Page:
Michigan’s “Golden Gulch” of Oil
The story of the discovery of Michigan’s only giant oilfield is the stuff of dreams and legends, says one historian.
After decades of dry holes or small oil discoveries, the Houseknecht No. 1 discovery well of January 7, 1957, reveals a 29-miles-long oil and natural gas field.
It takes more than two years of drilling, but the Houseknecht No. 1 well discovers Michigan’s largest oilfield – the “Golden Gulch” Albion-Pulaski-Scipio Field.
The 3,576-foot-deep well near Scipio Township in Hillsdale County in southwestern Michigan produces from the Black River formation of the Trenton zone.
Local lore says that the well’s namesake, Ferne Houseknecht, had been told by a spiritualist that there was oil under her farm.
She convinced her uncle, Clifford Perry, to help drill a well one joint of pipe at a time between other farm projects.
“The story of the discovery well of Michigan’s only ‘giant’ oilfield, using the worldwide definition of having produced more than 100 million barrels of oil from a single contiguous reservoir is the stuff of dreams, and of oilfield legends,” explains Michigan historian and author Jack Westbrook.
“One version of the legend says that a fortune teller told young Ferne Houseknect that a ‘black river of oil’ lay beneath her property in Hillsdale County,” Westbrook notes.
“Another version of the story says that the Houseknects were taking a cow to be bred and on the way drove past a drilling rig where Perry was working and from their conversation a deal was struck,” he adds.
The well was begun in May of 1954, but it took a lot of time to drill – often with months off between work, says Westbrook, retired managing editor of the Michigan Oil & Gas News.
He says the well, drilled with little encouragement from state geologists and other petroleum industry experts, was financed by Houseknecht’s family and friends.
The giant oilfield will come to be known as the “Golden Gulch” – and “foster a boom on a discovery-hungry petroleum industry to end a 15-year major discovery drought in Michigan,” Westbrook says.
The well triggers a drilling boom that results in 734 wells producing more than 150 million barrels of oil and almost a quarter-trillion cubic feet of natural gas.
Westbrook notes that modern day oil and natural gas explorers, armed with new detection and completion technology, have returned to the Albion-Scipio area.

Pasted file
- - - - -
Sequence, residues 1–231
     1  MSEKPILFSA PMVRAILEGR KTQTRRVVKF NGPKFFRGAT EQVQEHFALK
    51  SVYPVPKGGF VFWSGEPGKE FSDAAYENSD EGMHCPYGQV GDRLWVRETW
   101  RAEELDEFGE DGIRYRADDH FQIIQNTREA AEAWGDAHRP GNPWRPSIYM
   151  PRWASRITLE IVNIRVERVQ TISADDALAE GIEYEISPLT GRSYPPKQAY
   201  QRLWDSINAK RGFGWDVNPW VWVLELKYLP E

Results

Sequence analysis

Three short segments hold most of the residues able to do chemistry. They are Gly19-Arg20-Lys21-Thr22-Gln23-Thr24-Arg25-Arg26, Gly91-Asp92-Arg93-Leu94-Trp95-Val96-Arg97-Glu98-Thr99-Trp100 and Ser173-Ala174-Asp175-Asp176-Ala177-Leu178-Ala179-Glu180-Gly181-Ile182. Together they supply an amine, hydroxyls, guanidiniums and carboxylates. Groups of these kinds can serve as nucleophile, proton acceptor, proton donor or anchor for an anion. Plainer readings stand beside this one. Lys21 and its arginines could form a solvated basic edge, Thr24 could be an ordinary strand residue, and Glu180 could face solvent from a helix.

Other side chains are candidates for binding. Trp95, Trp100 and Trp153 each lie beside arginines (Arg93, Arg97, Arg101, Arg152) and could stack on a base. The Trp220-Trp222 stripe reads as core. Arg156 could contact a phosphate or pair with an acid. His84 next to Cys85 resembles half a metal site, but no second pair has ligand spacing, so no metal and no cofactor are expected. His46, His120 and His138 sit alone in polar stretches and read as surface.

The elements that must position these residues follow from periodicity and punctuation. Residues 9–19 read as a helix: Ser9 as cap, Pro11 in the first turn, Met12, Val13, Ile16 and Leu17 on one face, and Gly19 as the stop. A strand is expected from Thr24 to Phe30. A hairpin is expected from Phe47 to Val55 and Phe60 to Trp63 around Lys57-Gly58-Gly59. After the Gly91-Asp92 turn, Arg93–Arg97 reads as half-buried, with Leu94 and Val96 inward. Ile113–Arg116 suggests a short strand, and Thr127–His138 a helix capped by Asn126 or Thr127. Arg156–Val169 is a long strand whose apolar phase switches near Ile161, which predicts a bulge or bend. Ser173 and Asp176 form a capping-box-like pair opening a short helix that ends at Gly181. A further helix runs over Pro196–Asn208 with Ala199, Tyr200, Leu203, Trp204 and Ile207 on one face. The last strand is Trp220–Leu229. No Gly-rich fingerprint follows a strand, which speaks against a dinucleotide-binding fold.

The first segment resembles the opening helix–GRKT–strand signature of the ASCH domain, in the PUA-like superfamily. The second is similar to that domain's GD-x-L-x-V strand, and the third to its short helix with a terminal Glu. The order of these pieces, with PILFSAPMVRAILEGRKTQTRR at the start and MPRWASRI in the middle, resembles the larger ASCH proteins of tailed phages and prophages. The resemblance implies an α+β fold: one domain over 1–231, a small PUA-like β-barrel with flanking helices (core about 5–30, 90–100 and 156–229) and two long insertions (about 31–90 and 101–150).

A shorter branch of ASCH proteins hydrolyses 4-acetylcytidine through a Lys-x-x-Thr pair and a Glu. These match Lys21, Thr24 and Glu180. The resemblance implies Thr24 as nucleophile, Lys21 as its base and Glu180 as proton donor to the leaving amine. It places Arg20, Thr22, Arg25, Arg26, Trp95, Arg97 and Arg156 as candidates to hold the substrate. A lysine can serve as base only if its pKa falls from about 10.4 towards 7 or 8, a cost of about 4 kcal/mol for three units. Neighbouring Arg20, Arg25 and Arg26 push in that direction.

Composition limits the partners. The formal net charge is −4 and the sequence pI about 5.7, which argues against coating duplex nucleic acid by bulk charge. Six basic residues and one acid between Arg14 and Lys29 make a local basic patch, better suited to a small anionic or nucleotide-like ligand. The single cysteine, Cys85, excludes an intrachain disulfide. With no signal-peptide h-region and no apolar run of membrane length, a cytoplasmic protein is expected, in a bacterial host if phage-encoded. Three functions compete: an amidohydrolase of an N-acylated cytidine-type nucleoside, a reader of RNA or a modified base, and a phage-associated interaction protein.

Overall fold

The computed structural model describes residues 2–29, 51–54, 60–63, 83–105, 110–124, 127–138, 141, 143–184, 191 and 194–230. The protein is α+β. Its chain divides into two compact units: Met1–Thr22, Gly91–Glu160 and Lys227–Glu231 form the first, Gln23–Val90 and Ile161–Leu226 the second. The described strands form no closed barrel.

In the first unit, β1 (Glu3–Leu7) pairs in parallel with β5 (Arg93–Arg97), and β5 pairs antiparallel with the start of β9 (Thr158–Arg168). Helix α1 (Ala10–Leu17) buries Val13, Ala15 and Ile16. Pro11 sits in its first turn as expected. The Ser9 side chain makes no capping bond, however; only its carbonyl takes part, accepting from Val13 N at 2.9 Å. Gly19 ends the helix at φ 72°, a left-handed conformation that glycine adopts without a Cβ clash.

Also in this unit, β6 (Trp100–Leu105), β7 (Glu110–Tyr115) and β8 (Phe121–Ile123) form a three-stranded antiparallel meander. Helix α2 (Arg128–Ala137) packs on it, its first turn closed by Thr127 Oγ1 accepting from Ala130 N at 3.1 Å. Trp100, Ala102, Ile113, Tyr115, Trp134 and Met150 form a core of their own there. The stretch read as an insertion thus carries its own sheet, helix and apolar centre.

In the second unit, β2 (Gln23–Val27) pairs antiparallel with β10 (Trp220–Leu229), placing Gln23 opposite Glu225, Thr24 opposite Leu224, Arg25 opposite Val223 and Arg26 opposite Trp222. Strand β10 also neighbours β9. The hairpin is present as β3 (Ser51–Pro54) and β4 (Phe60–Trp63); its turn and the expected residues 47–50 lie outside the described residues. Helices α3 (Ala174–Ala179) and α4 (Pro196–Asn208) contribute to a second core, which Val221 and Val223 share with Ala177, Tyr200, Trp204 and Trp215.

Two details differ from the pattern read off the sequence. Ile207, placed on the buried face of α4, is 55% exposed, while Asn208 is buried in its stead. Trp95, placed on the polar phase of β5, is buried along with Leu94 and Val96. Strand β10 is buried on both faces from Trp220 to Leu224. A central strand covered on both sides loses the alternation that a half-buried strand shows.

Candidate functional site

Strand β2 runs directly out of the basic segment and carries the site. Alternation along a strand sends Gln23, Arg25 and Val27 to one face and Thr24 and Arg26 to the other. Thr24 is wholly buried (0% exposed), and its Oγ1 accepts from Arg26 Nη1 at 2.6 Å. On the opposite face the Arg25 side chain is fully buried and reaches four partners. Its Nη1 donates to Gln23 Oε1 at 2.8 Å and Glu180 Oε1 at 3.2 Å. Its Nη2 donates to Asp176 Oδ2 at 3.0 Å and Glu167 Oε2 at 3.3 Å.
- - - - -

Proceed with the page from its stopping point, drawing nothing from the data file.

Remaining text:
Beginning 2006, increased statewide production reversed a 25-year downward trend in annual oil output and an eight-year decline in natural gas production.
Westbrook is author of Michigan Natural Resources Trust Fund 1976-2011: A 35 year Michigan investment heritage in Michigan’s public recreation future.
Created in the 1970s as an alliance of government, environmental groups and the Michigan oil and natural gas industry the Trust Fund set an example for others established decades later in other producing states, he notes.
Michigan has produced over 1.25 billion barrels of oil and more than seven trillion feet of natural gas since the discovery of the Saginaw Field in August 1925.
Read “Michigan Petroleum History Exhibit” to learn more about Central Michigan University’s Clarke Historical Library in Mount Pleasant, where the early days of Michigan’s petroleum history is illustrated with examples from the library’s extensive holdings.
The Michigan Oil And Gas Association, established in 1934, today includes about 1,000 members representing Michigan oil and natural gas exploration and production, according to President and CEO Frank Mortl.
“Michigan is blessed to have its own energy resources, and as energy demands continue to escalate, it’s just common sense that we look to our own resources and highly experienced producers to supply the energy we need, create jobs for our citizens, and grow our economy, ” Mortl says.
“Michigan producers already supply nearly 22 percent of all of the natural gas used in our state,” he adds. “The potential exists for even greater self-reliance and economic gain.”
Regarding issues like hydraulic fracturing, Mortl says claims about potential risk to water resources and lax regulatory oversight are unfounded. “Hydraulic fracturing in Michigan occurs below any fresh water zones, and Michigan’s strict well construction requirements assure these resources are protected,” he claims.
Mortl notes that Michigan has more than 60-year record of using hydraulic fracturing in over 12,000 Michigan wells, without environmental incident, demonstrating Michigan producers’ ability to use hydraulic fracturing safely and responsibly.
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